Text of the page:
I’m trying to find documentation about the effects of having three snow tires and one all-season tire on the car, this being the result of a mismatched spare tire. Any idea as to where I should look? – Claude
Documentation? In all my years of tire-testing, that is a pairing I have not run across.
We have used a pickup with shaved (bald) tires on the rear to teach how to deal with oversteer during skid schools, but that was with two treadless tires on one axle, not one. I can only imagine how terrible the situation would be with three winters and one all-season. Whether the pairing was on the front or rear wheels, the mismatch would be monumental and dangerous.
The problem is a difference in grip from side to side. In an emergency-type manoeuvre – say, trying to steer around an object or person and back into your lane, the vehicle would respond differently in each direction.
For example, if the tire with less grip was on the right front, the vehicle would turn to the right okay, but when asked to turn to the left, with all that weight transferred onto the right front tire, there would be an almost immediate loss of grip and the car would plow or understeer directly ahead.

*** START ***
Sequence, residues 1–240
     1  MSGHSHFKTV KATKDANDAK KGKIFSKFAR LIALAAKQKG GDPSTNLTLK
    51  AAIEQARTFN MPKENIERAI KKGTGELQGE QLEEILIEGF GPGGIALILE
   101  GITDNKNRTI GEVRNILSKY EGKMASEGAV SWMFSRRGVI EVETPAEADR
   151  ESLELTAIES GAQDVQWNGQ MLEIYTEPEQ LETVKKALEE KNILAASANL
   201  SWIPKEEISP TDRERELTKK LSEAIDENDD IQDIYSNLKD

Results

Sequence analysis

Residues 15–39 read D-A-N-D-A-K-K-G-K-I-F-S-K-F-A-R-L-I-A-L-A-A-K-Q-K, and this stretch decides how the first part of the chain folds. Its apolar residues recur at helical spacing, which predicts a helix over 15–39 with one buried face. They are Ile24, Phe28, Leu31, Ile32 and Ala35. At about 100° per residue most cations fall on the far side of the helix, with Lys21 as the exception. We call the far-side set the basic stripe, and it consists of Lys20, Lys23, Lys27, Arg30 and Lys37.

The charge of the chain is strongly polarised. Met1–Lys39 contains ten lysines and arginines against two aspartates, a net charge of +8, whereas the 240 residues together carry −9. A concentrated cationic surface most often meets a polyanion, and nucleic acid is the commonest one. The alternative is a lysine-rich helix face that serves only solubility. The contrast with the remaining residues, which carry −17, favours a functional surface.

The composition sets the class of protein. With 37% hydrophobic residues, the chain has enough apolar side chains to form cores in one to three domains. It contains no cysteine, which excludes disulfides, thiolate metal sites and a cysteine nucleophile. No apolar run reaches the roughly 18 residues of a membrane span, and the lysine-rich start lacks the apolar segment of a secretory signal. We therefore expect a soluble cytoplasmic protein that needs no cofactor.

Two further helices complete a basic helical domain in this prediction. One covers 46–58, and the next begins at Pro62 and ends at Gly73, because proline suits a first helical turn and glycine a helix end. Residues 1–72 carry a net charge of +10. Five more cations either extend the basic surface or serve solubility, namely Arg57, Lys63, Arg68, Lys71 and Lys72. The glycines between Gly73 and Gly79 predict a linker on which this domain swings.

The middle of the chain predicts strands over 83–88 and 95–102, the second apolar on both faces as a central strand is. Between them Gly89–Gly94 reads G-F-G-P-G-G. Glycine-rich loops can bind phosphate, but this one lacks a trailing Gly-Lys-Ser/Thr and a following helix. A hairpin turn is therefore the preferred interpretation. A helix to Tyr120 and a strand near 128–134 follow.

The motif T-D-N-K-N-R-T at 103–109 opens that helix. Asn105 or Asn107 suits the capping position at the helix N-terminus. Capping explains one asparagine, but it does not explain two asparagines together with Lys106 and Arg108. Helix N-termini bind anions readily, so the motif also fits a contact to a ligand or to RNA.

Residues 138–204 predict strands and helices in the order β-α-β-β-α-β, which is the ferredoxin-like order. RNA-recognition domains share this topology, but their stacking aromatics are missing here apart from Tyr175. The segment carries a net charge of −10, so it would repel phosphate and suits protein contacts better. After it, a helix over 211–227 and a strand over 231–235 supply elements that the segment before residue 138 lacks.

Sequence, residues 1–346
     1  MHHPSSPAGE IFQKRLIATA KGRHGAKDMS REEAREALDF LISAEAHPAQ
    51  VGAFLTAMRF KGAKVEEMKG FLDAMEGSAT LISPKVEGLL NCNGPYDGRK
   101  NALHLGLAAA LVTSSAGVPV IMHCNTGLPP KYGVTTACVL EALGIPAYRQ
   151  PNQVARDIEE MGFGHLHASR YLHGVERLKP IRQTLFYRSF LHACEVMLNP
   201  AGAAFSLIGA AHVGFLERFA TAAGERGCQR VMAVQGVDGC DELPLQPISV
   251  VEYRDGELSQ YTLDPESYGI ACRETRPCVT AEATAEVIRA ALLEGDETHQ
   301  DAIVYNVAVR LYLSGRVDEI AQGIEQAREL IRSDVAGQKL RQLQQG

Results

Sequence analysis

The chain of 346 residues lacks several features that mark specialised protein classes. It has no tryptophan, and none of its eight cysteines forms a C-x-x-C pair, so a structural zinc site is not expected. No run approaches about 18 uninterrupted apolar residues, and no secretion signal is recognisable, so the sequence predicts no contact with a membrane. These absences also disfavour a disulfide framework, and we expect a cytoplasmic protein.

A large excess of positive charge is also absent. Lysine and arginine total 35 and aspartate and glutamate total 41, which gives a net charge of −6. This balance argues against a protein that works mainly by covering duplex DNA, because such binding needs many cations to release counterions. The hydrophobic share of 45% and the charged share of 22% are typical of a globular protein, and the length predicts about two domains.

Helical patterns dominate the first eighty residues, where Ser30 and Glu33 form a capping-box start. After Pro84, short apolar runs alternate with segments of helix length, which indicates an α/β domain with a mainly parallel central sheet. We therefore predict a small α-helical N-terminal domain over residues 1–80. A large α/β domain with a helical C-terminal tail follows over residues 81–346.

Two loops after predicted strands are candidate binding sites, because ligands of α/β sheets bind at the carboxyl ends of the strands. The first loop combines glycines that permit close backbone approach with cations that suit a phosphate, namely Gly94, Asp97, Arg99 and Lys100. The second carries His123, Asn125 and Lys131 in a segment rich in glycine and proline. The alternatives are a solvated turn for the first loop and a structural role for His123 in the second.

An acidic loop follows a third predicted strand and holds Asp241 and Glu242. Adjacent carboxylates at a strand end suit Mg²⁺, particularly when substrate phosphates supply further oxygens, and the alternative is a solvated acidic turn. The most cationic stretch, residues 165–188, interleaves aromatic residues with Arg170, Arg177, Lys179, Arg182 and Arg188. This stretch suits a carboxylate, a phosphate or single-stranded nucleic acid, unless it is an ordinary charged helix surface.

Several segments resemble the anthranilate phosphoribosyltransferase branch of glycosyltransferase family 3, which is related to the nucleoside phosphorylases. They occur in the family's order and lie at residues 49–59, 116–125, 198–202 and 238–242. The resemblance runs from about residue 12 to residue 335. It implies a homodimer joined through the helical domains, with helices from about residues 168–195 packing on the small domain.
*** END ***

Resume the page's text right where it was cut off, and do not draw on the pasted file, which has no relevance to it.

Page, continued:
If the mismatched and lesser tire was on the right rear, the loss of grip would also occur in a left-hand turn, but in this case, it would be the rear that would lose grip and slide out first. You would go off the road backward.
Then there is the issue of whether the vehicle was front-, rear- or all-wheel-drive. In the case of a mismatch of grip on the drive wheels – whether front or rear, the tire with less grip would spin excessively, placing undue stress on the differential, leading to extensive and expensive repairs.
If the vehicle has a now-common electronic traction control system that employs the brakes on one wheel to limit spinning, the system would be stressed, especially the brakes on that one wheel, probably overheating and leading to failure.
Send your automotive maintenance and repair questions to firstname.lastname@example.org